During the international symposium, Global Pressures on Local Autonomy: Challenges to Urban Planning for Sustainability and Development, held in early September in Louisville, Ky., many presentations dealing with local efforts to advance sustainable urban development around the world encouraged equally interesting discussions by participants from 22 countries. The event was sponsored by the International Urban Planning and Environment Association.
A major theme heard throughout the symposium was the necessity to make trade-offs-the dialectics of dealing in practical terms with sustainability. Sustainability is commonly defined as a balance between economic, social and environmental concerns that takes a long-term view. When these objectives are in conflict, acceptable trade-offs are difficult to identify and agree on, but necessary.
In addition, several sub-themes or findings frequently emerged from the symposium sessions:
Reflecting on the symposium as a whole, the most interesting and useful presentations were based on one or more actual cases, and so were inductive in their approach. Many participants noted that the specific treatments of problems and responses were more useful to them than were abstract and general presentations. Additionally, the papers were especially interesting to participants if the presenter had first-hand experience with the case or process, as opposed to being a third-party observer.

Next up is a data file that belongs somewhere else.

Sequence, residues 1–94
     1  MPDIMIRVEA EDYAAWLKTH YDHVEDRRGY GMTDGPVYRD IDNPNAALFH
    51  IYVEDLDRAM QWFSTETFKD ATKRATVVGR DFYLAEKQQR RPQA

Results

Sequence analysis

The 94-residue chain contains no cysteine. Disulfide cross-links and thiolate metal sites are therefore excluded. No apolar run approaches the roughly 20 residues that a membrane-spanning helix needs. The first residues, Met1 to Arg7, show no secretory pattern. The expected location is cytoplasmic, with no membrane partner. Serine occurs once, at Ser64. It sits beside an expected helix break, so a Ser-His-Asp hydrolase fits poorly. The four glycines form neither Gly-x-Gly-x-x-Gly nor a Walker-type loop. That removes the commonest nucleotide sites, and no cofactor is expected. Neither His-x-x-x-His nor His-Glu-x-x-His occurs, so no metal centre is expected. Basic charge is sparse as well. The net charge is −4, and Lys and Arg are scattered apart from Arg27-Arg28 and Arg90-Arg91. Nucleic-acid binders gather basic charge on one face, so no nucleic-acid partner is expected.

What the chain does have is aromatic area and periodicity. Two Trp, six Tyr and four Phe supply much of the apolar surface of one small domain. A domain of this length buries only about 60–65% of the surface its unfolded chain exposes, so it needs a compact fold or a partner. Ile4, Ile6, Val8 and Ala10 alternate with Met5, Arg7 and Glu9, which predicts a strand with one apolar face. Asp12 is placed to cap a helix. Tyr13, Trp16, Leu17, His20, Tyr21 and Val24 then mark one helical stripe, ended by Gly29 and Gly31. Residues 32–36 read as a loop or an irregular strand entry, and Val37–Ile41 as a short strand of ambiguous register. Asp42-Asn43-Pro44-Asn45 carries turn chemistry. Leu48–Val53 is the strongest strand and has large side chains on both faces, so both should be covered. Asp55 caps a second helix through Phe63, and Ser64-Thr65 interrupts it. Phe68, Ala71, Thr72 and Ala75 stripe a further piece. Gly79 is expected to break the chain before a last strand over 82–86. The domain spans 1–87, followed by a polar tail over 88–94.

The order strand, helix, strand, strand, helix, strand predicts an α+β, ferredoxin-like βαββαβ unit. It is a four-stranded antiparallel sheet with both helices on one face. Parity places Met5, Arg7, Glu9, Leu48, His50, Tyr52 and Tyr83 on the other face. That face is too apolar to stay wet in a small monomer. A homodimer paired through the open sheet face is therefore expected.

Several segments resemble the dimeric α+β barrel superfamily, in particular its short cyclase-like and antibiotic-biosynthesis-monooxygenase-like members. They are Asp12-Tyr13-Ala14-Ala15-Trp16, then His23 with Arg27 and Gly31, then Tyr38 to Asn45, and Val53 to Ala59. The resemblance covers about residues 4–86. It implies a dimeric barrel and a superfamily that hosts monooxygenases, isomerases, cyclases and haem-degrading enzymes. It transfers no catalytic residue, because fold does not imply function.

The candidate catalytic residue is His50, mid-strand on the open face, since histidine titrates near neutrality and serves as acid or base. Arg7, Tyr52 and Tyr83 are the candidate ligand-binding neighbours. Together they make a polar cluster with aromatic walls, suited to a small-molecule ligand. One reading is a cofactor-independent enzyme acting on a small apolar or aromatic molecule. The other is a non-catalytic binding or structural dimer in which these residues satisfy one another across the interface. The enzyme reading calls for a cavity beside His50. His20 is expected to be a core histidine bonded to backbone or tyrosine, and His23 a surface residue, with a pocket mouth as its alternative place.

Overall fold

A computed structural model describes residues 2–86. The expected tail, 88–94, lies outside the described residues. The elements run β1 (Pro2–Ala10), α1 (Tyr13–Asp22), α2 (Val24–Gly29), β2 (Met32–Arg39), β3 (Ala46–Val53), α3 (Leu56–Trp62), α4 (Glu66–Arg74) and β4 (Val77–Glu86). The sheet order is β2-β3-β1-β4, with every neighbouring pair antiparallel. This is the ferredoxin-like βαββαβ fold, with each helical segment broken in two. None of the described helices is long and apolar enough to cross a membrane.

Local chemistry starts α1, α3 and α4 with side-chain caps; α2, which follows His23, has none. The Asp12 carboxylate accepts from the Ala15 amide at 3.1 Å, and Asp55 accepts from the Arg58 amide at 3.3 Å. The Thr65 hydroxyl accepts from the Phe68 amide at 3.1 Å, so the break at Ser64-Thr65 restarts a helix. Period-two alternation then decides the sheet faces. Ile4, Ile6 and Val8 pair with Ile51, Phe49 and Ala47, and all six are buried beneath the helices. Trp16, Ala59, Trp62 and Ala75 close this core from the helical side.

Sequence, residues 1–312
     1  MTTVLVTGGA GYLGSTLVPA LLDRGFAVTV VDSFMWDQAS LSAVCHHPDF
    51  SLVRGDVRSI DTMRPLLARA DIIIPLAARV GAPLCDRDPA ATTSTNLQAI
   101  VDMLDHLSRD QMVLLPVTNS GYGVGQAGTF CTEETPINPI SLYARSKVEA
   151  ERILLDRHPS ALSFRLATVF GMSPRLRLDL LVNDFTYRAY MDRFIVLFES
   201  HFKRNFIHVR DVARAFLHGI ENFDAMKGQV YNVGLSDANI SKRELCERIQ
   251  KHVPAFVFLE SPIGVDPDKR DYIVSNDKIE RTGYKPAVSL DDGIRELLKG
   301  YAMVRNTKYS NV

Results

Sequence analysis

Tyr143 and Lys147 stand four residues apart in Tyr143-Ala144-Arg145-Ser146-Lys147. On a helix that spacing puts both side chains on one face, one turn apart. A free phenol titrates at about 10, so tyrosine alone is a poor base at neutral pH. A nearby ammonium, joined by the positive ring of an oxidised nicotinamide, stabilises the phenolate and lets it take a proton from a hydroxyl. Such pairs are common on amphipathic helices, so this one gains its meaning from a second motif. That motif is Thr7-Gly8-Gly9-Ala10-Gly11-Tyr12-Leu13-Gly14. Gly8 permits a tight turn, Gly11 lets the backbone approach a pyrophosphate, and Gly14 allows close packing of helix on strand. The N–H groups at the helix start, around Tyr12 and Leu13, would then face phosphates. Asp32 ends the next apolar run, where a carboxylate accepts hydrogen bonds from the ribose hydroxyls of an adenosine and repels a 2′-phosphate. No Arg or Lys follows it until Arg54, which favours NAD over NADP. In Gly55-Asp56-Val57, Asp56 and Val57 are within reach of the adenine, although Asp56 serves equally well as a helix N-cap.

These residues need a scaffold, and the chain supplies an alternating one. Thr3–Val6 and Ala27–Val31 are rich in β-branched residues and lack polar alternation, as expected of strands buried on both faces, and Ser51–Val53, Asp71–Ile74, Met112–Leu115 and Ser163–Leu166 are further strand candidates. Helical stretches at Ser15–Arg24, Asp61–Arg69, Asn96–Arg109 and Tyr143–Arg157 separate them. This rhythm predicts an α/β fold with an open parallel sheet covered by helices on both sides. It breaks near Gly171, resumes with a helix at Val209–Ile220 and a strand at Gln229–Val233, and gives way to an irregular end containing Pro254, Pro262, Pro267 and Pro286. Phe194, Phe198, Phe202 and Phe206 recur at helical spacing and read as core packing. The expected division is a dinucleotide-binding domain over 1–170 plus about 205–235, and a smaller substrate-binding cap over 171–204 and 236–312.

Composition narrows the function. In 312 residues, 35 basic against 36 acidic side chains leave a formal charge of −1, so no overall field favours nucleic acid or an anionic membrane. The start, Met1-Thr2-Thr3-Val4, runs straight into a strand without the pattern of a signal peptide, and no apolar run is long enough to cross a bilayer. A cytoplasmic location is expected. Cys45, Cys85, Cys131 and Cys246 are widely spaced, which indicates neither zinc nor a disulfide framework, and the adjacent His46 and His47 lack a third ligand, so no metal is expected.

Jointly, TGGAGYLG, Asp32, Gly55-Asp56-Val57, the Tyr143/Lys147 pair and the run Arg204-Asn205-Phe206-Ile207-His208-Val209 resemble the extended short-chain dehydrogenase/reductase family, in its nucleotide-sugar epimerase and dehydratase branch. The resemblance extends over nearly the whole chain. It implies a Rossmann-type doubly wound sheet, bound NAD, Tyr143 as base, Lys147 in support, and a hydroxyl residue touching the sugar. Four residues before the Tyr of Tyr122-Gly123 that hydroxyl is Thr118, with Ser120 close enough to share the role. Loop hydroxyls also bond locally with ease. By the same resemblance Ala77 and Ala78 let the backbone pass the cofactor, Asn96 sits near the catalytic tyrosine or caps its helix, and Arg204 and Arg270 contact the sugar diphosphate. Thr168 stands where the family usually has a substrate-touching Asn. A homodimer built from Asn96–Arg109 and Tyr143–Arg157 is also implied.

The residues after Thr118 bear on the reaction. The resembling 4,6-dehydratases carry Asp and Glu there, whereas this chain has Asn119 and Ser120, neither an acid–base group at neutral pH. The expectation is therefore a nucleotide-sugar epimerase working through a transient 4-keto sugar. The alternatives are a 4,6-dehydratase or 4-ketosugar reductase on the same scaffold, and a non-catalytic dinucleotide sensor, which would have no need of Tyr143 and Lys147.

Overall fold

This symposium provided an exceptional venue to bring together governmental officials, representatives of nongovernmental organizations and researchers to exchange experiences and information on how to use urban planning for sustainability and development. The next symposium in this series is scheduled for Bangkok in early January 2007.
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